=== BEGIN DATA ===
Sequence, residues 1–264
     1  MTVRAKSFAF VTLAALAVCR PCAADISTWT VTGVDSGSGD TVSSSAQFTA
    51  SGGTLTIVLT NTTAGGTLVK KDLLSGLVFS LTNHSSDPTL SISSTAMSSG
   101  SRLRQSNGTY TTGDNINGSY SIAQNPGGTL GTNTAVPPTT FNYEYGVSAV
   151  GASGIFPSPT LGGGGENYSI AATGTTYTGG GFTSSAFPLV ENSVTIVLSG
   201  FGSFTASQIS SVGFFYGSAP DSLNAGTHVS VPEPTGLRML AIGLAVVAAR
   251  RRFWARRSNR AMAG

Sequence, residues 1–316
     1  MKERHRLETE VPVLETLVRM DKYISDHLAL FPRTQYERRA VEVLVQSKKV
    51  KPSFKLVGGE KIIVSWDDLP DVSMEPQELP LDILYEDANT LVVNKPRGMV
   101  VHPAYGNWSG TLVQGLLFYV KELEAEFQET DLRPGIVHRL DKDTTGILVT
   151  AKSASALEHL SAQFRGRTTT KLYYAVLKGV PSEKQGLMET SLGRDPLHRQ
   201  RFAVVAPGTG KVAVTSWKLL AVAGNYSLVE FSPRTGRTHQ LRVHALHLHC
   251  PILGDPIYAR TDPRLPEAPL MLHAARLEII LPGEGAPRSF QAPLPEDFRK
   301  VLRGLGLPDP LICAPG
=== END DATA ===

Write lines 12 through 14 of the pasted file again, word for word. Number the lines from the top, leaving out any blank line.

   151  AKSASALEHL SAQFRGRTTT KLYYAVLKGV PSEKQGLMET SLGRDPLHRQ
   201  RFAVVAPGTG KVAVTSWKLL AVAGNYSLVE FSPRTGRTHQ LRVHALHLHC
   251  PILGDPIYAR TDPRLPEAPL MLHAARLEII LPGEGAPRSF QAPLPEDFRK